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\begin{aligned} M_{k,\eta } := \sup _{F \in \mathcal {S}_{k,\eta }} \frac{J_k^{(m)}(F)}{I_k(F)} \quad \text {and}\quad \nu = \nu _{k,\eta } := \left\lceil \frac{\theta \phi (B)\delta ^r M_{k,\eta }}{2B(r-1)!}\left( \log \frac{1}{2(r-1)\eta } \right) ^{r-1}\right\rceil \end{aligned}
\begin{aligned} \liminf _{n \rightarrow \infty } (a_{n+\nu -1} - a_{n}) \le h_k - h_1. \end{aligned}
\begin{aligned}\ge \frac{\phi (W)N(\log R)^k}{W^{k+1}} \left( \frac{(1+o(1))\phi (B)\delta ^r\log R}{B(r-1)!\log N}\left( \log \frac{1}{2(r-1)\eta } \right) ^{r-1} \left( \sum _{m=1}^k J_k^{(m)}(F)\right) - \rho I_k(F) + o(1)\right) \\\ge \frac{\phi (W)N(\log R)^k I_k(F)}{W^{k+1}} \left( \frac{(1+o(1))\phi (B)\delta ^r}{B(r-1)!}\left( \log \frac{1}{2(r-1)\eta } \right) ^{r-1}\left( \frac{\theta }{2}-\epsilon \right) \left( M_{k,\eta }-\epsilon _1 \right) - \rho + o(1)\right) . \end{aligned}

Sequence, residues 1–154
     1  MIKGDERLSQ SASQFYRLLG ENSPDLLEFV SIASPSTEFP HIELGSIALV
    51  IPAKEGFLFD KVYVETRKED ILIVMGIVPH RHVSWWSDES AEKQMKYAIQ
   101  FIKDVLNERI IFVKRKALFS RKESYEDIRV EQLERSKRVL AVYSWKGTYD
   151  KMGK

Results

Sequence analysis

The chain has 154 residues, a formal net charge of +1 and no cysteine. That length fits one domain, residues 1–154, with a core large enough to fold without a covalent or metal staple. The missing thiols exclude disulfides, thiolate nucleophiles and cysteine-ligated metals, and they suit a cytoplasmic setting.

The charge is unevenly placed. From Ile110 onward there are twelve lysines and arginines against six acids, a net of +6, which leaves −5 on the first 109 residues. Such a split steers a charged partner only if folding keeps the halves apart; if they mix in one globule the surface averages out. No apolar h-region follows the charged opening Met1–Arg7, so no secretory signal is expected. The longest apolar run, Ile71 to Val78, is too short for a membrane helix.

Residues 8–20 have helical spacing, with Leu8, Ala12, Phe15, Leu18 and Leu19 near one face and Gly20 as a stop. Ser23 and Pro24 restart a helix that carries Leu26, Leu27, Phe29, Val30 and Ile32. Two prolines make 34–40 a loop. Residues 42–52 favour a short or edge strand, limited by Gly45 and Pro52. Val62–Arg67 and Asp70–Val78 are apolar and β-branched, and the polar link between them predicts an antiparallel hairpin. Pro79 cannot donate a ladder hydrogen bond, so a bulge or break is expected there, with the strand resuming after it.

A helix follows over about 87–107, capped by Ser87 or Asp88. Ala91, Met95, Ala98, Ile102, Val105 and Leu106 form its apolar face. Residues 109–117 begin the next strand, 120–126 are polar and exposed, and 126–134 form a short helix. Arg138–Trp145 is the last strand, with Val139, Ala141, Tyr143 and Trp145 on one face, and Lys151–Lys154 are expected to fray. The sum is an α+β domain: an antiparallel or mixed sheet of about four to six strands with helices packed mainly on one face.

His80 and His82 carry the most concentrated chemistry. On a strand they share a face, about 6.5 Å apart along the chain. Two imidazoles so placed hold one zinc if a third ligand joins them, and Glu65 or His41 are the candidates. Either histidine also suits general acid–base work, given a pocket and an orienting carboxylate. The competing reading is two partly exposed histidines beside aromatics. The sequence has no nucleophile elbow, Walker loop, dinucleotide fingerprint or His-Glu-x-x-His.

\begin{aligned} \rho =\displaystyle \frac{\theta \phi (B)\delta ^r M_{k,\eta } }{2B(r-1)!}\left( \log \frac{1}{2(r-1)\eta } \right) ^{r-1}-\varepsilon . \end{aligned}
\begin{aligned} \sup _{0< \eta < \frac{1}{2(r-1)} } \sup _{\begin{array}{c} F \in \mathcal {S}_{k,\eta } \end{array}}\frac{\sum _{m=1}^k J_k^{(m)}(F)}{I_k(F)} \end{aligned}
\begin{aligned} \frac{\theta \phi (B)\delta ^r \sum _{m=1}^k J^{(m)}_k(F)}{2B (r-1)! \cdot I_k(F)} \left( \log \frac{1}{2(r-1)\eta } \right) ^{r-1} - \rho > 0 \end{aligned}
\begin{aligned} k > \exp \left( r+\frac{r}{\delta }\left( \frac{2B\rho (r-1)!}{\phi (B)\theta (r-1)^{r-1}}\right) ^\frac{1}{r}\right) . \end{aligned}

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\begin{aligned} (a * b)(n) = \sum _{d|n} a(d)b(n/d). \end{aligned}
\begin{aligned} \left| \sum _{\begin{array}{c} n \equiv l \pmod k \\ (n, d) = 1 \end{array}} b'(n) - \frac{1}{\phi (k)} \sum _{(n, dk) = 1} b'(n)\right| \ll \Vert b'\Vert N^{\frac{1}{2}} \tau (d)^B (\log N)^{-A}, \end{aligned}
\begin{aligned} \sum _{q \le N^{\frac{x_1 + x_2}{2} - \varepsilon }} \max _{(a, q) = 1} \left| \frac{1}{\phi (q)}\sum _{\begin{array}{c} n< N^{x_1 + x_2} \\ (n, q) = 1 \end{array}} (a' * b')(n) - \sum _{\begin{array}{c} n < N^{x_1 + x_2} \\ n \equiv a \pmod q \end{array}} (a' * b')(n) \right| \ll \Vert a'\Vert \Vert b'\Vert \frac{N^{\frac{1}{2}(x_1 + x_2)}}{(\log N)^{A'}}. \end{aligned}

For our purposes, we will require a Bombieri–Vinogradov theorem for those E_r(\mathcal {P}) numbers with prime factors restricted to certain intervals.